Hawaii County Open Space Fund in Danger

Throughout the United States, county governments have dedicated funds to purchase and maintain land as open space for conservation, recreation, and historic preservation. Relative newcomers to the concept, each of the four counties in Hawaiʻi has created a similar fund via charter amendment, with Kauai and Maui pioneering in 2002, Hawaii County in 2006, and Honolulu County (Oʻahu) in 2007.

Here are links to each of those funds:

1897 map of historical areas in North Kohala

Map from 1897 showing section of North Kohala coastline approved for County Open Space Purchase. This is an example of documentation for the importance of these lands to the history of Kamehameha I.

Hawaii County Open Space Fund Successful at Protecting Important Places

In the face of inevitable continued development of the Hawaiian islands, there is no question that the residents of each island overwhelmingly support the protection of places that have important ecological, historical, cultural or recreational value. And there is no question that the property taxes dedicated to these funds have gone to protect important places. Hawaiʻi Countyʻs program has been the poster child for the process.

Hawaii Countyʻs Public Access, Open Space and Natural Resources (PONC) fund was approved and reaffirmed by public vote at 2% of property taxes, and later added an additional .25% for maintenance of the properties purchased. So far 14 properties have been purchased — in total about 4,451 acres. The total cost was $39.34 million, and PONC county funds were leveraged with $10.5 million in matching funds from the State and/or private land trusts and donations.

Aerial of the area in the historic map today. Kauhola Point in the foreground is preserved and County Resolutions are in place for the adjacent shoreline at Halelua, as well as Hapuu to Kapanaia Bay.

The Hawaii County Charter Commission is reviewing a proposal for the 2020 ballot asking voters to cut back open space funding to a total of 1% of property taxes, including both acquisition and maintenance funds. Other changes would allow the County Council to suspend the fund in “emergencies” or when “too much money accumulates”.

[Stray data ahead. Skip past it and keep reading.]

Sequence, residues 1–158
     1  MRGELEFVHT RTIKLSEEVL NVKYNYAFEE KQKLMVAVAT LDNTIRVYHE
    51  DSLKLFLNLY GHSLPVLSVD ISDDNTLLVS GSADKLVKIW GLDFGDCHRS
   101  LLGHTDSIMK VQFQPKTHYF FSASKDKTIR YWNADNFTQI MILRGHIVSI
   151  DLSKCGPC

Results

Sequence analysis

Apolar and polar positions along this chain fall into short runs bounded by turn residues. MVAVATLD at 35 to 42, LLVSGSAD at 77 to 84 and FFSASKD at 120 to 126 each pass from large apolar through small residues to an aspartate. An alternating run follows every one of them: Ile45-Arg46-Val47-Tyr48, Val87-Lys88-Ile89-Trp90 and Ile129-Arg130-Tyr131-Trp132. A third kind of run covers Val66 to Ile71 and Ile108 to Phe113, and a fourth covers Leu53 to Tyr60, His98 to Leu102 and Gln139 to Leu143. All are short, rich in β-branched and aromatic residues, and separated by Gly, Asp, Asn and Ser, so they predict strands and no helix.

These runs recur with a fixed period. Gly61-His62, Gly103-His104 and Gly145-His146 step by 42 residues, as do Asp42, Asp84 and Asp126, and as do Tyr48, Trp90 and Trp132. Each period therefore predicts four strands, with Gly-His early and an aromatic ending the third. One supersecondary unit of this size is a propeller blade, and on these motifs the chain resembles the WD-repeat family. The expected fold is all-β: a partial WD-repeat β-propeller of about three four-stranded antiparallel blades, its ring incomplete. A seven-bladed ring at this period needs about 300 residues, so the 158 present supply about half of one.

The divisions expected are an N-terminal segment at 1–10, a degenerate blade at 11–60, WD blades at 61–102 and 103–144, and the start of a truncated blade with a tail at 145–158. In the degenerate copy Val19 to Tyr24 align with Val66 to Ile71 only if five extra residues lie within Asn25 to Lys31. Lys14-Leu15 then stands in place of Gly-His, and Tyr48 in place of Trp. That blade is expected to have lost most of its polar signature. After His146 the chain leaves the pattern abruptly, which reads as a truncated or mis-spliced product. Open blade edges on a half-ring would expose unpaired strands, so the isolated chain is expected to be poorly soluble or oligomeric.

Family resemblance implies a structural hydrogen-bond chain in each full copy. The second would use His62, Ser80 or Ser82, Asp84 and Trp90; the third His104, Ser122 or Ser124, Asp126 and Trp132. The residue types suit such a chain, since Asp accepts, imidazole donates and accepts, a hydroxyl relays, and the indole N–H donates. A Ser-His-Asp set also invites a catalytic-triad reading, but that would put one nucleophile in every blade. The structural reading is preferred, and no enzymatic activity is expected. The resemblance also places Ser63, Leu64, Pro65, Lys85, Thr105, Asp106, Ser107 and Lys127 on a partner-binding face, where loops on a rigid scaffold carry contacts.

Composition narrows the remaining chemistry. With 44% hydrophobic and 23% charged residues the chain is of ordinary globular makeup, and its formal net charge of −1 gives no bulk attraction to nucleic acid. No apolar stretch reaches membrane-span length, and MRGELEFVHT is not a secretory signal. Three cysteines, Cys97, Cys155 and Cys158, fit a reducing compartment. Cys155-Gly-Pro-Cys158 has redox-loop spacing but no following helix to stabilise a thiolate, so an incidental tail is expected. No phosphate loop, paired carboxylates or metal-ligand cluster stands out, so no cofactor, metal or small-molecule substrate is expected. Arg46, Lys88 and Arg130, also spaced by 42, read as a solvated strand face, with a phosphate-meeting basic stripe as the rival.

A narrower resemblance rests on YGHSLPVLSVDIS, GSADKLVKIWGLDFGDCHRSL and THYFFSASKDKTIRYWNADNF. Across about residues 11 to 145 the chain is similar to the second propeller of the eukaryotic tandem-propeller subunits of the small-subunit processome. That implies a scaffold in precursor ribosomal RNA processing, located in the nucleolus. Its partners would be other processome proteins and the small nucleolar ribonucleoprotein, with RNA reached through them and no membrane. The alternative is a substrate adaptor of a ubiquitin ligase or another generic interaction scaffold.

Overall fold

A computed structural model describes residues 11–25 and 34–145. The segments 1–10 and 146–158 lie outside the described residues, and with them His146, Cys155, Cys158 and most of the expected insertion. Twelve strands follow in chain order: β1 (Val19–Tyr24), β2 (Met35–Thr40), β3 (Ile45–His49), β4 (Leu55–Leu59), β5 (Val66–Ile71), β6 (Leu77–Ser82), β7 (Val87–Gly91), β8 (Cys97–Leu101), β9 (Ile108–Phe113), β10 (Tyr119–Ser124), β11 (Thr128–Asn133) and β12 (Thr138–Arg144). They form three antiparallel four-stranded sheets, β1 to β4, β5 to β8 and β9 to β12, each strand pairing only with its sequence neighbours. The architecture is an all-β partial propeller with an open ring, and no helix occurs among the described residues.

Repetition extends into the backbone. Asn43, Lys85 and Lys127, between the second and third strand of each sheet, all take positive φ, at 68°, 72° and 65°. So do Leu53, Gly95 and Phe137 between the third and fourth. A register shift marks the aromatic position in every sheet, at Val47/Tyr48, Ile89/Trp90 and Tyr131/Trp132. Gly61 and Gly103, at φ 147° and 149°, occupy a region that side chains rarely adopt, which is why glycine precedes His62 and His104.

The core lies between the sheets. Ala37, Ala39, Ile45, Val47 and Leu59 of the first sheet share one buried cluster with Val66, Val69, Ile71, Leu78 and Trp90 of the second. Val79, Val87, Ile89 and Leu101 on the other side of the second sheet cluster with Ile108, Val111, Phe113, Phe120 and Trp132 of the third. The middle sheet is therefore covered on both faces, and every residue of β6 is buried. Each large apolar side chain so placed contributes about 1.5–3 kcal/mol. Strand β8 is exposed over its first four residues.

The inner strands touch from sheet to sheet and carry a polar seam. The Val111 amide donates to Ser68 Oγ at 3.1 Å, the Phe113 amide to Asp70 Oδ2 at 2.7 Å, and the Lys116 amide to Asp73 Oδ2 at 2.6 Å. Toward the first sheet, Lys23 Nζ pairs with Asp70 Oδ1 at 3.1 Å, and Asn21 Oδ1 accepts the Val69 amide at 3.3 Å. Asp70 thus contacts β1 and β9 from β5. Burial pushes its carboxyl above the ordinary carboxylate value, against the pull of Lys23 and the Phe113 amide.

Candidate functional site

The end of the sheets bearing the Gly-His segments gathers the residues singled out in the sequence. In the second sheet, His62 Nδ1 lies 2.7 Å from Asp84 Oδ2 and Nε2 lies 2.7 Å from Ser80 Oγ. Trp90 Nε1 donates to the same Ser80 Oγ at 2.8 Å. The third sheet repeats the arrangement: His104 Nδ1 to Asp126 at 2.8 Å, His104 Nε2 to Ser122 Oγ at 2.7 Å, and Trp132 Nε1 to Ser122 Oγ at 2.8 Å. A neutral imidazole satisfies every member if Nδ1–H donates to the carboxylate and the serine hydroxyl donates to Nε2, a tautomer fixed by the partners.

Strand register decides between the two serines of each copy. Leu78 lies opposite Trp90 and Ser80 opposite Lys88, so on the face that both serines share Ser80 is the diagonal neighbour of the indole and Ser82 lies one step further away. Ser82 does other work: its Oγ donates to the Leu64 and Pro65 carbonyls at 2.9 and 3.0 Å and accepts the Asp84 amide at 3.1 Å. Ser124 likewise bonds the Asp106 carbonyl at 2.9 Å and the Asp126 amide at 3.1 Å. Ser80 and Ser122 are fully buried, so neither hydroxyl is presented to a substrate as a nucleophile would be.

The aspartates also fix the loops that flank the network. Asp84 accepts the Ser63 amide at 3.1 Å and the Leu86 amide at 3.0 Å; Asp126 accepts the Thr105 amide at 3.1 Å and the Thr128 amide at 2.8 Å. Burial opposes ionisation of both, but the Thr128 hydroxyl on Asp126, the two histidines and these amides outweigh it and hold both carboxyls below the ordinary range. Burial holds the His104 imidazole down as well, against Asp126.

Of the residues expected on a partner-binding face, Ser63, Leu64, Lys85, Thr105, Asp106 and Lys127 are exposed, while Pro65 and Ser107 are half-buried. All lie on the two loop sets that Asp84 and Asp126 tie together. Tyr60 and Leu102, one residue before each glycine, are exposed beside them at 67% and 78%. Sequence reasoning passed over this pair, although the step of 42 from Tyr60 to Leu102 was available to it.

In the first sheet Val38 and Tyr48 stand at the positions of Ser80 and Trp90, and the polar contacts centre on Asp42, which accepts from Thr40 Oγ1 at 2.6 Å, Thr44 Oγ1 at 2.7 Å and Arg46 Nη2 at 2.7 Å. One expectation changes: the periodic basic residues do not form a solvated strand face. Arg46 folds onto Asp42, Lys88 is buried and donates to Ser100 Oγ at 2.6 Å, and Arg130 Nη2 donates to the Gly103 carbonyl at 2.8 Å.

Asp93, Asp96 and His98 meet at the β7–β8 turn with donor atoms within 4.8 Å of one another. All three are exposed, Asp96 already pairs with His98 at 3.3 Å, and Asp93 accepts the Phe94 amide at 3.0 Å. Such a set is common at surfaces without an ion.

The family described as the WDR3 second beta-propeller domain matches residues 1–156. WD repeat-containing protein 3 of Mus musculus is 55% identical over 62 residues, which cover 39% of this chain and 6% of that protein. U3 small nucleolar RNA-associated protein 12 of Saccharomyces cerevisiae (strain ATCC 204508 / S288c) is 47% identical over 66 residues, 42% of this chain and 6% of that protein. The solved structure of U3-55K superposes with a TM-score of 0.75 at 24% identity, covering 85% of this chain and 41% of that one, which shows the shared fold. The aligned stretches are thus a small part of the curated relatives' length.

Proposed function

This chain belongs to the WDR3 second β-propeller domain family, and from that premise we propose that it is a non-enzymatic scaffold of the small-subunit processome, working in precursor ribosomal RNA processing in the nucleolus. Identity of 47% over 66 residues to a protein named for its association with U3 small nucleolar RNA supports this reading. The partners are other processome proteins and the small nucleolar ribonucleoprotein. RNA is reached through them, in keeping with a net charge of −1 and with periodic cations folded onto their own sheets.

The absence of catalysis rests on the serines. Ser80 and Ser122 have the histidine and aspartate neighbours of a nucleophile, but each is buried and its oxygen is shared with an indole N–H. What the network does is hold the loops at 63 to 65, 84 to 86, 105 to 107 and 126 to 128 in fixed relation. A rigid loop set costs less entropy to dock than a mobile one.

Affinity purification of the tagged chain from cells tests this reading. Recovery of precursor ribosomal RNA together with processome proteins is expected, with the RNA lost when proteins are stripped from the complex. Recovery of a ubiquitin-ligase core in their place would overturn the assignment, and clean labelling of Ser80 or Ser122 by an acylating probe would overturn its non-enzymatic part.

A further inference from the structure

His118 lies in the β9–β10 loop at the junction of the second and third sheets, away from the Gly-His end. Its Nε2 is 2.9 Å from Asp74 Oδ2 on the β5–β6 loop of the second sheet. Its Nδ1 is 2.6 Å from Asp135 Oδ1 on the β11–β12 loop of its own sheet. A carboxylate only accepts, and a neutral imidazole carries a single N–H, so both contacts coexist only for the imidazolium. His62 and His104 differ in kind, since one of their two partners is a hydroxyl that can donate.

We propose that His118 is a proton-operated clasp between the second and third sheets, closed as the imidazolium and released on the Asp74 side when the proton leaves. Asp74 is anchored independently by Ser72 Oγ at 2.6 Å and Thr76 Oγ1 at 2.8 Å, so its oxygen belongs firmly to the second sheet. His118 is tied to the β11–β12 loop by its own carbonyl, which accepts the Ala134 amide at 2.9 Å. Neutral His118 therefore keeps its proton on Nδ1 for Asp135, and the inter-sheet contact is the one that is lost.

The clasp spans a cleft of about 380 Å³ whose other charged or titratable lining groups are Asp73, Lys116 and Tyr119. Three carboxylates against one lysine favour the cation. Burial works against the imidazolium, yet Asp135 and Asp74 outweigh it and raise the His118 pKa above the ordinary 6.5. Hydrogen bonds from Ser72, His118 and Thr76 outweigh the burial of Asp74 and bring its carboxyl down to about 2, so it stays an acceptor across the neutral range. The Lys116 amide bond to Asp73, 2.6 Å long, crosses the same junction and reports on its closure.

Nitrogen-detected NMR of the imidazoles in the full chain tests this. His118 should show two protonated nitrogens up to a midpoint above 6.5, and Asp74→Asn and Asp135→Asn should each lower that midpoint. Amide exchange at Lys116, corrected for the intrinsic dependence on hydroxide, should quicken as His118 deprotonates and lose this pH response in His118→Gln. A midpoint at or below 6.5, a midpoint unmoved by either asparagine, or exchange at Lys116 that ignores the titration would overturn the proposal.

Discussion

With the effects of the recent Kileaua eruption in the Puna district affecting the Countyʻs budget, it is easy to see why the $19.6 million in the PONC fund would be a tempting target. However, it was three years ago when I testified at the County Council meetings that resulted in approval of the resolutions authorizing purchase of the Halelua and Hapuu to Kapanaia properties to protect this stretch of coastline with undisputed conservation values – cultural/historical, recreational, and environmental. Only one of the properties has been purchased to date, and that was only achieved in April of this year. The remaining North Kohala properties already approved for purchase by the County Council have a value in excess of $10 million.

In other words, the balance in the open space fund is not for lack of property in need of protection. The County itself has been slow to spend money under its own process.

County Open Space Trends on Maui, Oahu and Kauai

One of the other arguments made for reducing Hawaii Island‘s open space funding is that it is more than the percentages allocated on other islands. Ignoring the differences in the size of the property tax base relative to the protection opportunities, letʻs look at the other island briefly.

This year Maui County voters approved allowing their 1% fund to be used for maintenance as well as acquisition. The Council member arguing for the change explained that after the fund spent $9.5 million to purchase Hamakualoa, it took him another 2-1/2 years to get funding needed $75,000 for signage and fencing from other sources. Earlier preservation purchases on Maui include Waihee Dairy, Kaehu Bay, and Kawaikapu Preserve. There is $6 million currently in the fund, not a lot of money given land prices on Maui.

On Kaui, voters initially approved .5% of property taxes for their Public Access, Open Space and Natural Resources Fund, and then raised that amount to 1.5% ten years later and then voted to return to a lower amount as money has not been spent. While the existence of the fund reflects “Kauai residents’ desire that the island’s special heritage sites and experiences will be preserved, the environment protected, and recreation and access opportunities for all of the people will be enhanced and protected for all time,” it has proven difficult to identify willing landowners on properties submitted by the public for protection.

Turtle Bay Map

Map from Turtle Bay Resort

On Oʻahu, as on the Big Island, the City and County of Honolulu has successfully partnered with the state, federal government, and both national and local land trusts to leverage open space funding. Most notably, expansion plans at Turtle Bay Resort on the North Shore had for decades triggered community concern over the loss of lands with significant conservation values. The historic agreement reached in 2015 for $45 million, included purchase of 52.6 acres by the state and 7.6 acres by the City and County, and placed conservation easements over 600 acres owned by Turtle Bay Resort. More than 4.5 miles of coastline has been protected.

Conservation and development are two sides of the same coin. If you want to participate in protecting special places in Hawaiʻi, Hawaii Lifeʻs Conservation and Legacy Lands initiative is here to help.

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